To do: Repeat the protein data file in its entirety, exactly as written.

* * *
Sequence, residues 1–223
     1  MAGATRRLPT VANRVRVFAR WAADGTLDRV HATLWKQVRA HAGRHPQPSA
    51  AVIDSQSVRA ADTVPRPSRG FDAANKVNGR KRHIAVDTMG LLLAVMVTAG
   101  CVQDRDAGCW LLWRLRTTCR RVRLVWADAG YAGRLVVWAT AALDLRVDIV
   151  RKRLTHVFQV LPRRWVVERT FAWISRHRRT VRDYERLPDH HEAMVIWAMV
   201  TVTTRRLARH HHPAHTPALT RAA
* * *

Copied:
Sequence, residues 1–223
     1  MAGATRRLPT VANRVRVFAR WAADGTLDRV HATLWKQVRA HAGRHPQPSA
    51  AVIDSQSVRA ADTVPRPSRG FDAANKVNGR KRHIAVDTMG LLLAVMVTAG
   101  CVQDRDAGCW LLWRLRTTCR RVRLVWADAG YAGRLVVWAT AALDLRVDIV
   151  RKRLTHVFQV LPRRWVVERT FAWISRHRRT VRDYERLPDH HEAMVIWAMV
   201  TVTTRRLARH HHPAHTPALT RAA